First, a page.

Arguably better known for her appearances in celebrity magazines than anything she's ever done onscreen, Sienna Miller's film career features such high-profile duds as 'Alfie' and 'Casanova'. However, having starred opposite Robert De Niro and Claire Danes in the upcoming 'Stardust', and worked with actor-director Steve Buscemi on his new film 'Interview', perhaps more memorable roles are to come. In the meantime we have 'Factory Girl', a biopic of doomed Andy Warhol starlet Edie Sedgwick which, while substandard, does show that Miller is a better actress than some are willing to give her credit for.
Beginning with socialite and heiress Sedgwick in therapy in 1970, the film rewinds back through her life in the 1960s – leaving college, travelling to New York, becoming a model, actress and It Girl and then losing her mind in a haze of drugs. Along the way we find out about Sedgwick's past and, through her relationships with Andy Warhol (Pearce) and singer Billy Quinn (Christensen), her desperate need to be loved.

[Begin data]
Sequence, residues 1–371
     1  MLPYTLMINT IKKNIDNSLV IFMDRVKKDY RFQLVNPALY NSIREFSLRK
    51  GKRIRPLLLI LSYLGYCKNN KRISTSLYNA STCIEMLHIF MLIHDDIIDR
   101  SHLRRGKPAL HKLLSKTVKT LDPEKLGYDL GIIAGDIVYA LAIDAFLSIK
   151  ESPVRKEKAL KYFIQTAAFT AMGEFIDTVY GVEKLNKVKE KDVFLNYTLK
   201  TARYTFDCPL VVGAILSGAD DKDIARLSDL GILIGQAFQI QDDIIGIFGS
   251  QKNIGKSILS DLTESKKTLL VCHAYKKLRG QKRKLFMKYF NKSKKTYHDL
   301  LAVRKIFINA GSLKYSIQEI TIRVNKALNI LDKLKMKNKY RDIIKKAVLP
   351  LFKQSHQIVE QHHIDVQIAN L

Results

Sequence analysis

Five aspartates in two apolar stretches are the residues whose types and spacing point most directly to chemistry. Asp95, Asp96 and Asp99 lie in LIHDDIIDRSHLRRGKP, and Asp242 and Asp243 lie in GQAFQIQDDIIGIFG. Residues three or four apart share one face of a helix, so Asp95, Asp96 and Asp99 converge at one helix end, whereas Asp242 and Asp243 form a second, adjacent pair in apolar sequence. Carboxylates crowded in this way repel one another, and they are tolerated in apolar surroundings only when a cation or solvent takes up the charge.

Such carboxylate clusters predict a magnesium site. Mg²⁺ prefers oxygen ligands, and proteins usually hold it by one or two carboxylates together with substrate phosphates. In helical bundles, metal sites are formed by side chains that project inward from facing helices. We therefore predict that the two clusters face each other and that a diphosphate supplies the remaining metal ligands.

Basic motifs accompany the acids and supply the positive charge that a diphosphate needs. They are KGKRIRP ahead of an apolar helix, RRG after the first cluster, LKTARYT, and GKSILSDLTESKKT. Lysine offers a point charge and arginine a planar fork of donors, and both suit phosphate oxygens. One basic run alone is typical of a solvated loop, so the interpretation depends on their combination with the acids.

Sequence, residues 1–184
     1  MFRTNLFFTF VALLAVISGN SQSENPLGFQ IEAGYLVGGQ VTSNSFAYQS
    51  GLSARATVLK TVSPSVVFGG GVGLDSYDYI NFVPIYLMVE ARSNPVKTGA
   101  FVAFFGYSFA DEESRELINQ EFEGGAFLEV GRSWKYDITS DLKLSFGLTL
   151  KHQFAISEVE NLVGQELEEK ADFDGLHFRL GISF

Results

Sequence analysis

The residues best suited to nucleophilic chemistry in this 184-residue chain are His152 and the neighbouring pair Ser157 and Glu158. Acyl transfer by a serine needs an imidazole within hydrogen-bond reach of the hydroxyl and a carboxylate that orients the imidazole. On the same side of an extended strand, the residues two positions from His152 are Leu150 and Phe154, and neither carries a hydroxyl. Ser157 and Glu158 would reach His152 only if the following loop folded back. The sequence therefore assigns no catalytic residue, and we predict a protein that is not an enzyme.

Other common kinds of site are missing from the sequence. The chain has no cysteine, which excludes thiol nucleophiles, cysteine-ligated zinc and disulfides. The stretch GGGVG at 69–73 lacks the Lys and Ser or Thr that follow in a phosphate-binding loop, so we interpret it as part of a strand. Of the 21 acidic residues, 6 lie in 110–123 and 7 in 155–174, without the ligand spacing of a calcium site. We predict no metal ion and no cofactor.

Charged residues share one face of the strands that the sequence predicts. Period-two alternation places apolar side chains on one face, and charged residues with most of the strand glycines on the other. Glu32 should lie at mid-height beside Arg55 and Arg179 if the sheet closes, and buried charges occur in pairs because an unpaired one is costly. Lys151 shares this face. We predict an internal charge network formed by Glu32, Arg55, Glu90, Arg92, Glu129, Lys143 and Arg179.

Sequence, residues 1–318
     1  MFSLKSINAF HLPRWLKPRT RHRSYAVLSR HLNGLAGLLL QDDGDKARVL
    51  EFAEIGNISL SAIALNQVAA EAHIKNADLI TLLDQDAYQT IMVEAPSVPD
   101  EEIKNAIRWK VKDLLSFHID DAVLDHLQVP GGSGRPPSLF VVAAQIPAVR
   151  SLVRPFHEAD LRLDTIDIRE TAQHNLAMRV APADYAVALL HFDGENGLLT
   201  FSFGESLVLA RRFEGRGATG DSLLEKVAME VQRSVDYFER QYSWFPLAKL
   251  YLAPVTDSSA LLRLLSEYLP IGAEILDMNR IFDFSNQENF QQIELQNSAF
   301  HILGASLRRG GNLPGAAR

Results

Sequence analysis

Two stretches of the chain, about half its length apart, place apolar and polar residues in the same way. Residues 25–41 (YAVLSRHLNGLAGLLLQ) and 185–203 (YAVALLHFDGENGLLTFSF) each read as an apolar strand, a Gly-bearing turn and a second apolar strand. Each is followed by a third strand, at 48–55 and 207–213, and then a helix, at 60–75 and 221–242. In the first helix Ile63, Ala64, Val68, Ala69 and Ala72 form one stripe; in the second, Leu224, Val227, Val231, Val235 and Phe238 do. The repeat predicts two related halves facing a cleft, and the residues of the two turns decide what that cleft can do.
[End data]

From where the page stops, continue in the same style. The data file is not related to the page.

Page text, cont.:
At just under 90 minutes Hickenlooper's film is some way off a detailed examination of Sedgwick's life and, while it captures the era, you're left wondering why the same attention to detail wasn't paid to the script. As biopics go, it's dreary and rushed – this is no 'Ray' or 'Walk the Line'.
But while at the close you feel that you haven't bonded with Sedgwick or learnt enough about her, you're also impressed by Miller's performance. Making the best of what the script gives her, she captures the fragility, charm and naivety of Sedgwick and holds her own with Pearce's portrayal of Warhol.
No must see, but perhaps a turning point.